The winter of 2014-15 was one of the warmest in recorded history as per National Oceanic and Atmospheric Administration. However there is one region in the North Atlantic which is contrary to the trend seen in other parts of the ocean. The phenomenon is also consistent right since 1970.
The particular spot in the North Atlantic has shown temperatures which are to 3.6 degrees Fahrenheit colder than average. According to a recent study, the cold patch could be one of the indicators of a dramatic slowdown in the Gulf Stream. It is a worrying situation since the Gulf Stream moves huge amounts of heat north from the equator to the pole, passing off the East Coast of the U.S. and into the North Atlantic.
This could add credence to the theory put forth by experts that global warming could trigger so-called “tipping points” in the climate system, which, once started cannot be stopped. Recently the U.N. Intergovernmental Panel on Climate Change has opined that there is a 10% likelihood of a Gulf Stream shutdown before year 2100. Some experts say that the likelihood of such a scenario is still higher.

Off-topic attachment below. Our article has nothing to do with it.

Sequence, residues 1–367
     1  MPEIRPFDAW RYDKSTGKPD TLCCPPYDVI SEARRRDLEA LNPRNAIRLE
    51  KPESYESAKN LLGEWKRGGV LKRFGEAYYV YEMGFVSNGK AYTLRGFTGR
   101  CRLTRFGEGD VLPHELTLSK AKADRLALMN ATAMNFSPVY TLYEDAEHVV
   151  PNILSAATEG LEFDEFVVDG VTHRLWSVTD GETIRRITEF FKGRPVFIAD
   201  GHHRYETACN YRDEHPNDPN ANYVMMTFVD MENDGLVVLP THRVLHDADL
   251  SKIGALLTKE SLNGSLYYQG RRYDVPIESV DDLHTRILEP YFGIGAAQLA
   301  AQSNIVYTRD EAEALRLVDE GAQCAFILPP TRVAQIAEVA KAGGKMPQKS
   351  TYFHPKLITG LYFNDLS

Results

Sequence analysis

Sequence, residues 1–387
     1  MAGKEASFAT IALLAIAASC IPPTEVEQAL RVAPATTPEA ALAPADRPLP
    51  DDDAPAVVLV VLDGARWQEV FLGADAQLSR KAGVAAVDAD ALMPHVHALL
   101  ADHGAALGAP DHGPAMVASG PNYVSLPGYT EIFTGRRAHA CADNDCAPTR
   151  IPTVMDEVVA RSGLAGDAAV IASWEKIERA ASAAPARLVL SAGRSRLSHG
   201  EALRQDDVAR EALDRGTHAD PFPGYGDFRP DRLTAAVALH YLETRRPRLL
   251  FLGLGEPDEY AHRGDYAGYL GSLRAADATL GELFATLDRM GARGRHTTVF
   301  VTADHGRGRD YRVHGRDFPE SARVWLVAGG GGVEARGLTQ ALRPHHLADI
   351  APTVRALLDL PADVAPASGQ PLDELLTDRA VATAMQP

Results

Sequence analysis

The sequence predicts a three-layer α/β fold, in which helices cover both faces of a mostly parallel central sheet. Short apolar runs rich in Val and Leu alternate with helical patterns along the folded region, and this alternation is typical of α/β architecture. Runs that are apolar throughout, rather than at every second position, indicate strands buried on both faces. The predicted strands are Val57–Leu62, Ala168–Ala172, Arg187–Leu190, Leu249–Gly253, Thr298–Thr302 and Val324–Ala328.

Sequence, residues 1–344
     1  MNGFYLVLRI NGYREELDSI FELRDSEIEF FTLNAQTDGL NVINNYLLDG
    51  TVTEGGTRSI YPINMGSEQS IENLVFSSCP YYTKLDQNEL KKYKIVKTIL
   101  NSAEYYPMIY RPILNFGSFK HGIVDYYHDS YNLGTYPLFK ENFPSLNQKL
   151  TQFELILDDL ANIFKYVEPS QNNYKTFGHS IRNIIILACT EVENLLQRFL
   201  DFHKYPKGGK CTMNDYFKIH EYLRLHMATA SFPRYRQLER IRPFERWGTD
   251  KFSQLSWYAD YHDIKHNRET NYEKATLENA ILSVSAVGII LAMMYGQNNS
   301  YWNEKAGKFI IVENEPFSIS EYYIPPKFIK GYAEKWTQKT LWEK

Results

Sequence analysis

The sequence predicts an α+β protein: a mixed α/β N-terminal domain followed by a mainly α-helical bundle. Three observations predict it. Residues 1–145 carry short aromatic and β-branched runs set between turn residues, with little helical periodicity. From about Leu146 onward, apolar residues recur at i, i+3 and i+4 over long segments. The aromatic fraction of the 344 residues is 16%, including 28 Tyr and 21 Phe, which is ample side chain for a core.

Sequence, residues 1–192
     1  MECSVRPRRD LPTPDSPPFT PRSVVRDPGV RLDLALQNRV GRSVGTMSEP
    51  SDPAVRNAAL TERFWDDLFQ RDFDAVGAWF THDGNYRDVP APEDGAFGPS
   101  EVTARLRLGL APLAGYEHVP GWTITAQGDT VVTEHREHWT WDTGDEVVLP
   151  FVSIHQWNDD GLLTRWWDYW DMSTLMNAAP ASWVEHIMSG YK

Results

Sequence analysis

Co-author Stefan Rahmstorf, a climate scientist at the Potsdam Institute for Climate Impact Research in Germany, in a blog post for RealClimate said, “Evidence is mounting that the long-feared circulation decline is already well underway. Evidence is mounting that the long-feared circulation decline is already well underway.”
The slowdown of the Gulf Stream as the study finds is unprecedented in hundreds perhaps thousands of years. Another tipping point could be the melting of the Greenland ice sheet. The process brings forth a huge influx of freshwater from the ice sheet. It is also one of the main sources of freshwater inflow into the North Atlantic Ocean.
As the fresh water, which lighter and colder than heavier salty water pours into the area, it tends to sit on top of the water column. Accumulating over the years, it interferes with the formation and sinking of dense, cold and salt-enriched waters. This in turn slows the Gulf Stream and affects the ocean circulation downstream as well.
The rapid slowdown of the Gulf Stream can increase sea level rise rates along the highly populated Mid-Atlantic and Northeast coasts of the U.S. It could also precipitate much colder conditions than the normal in the northern parts of Europe and America.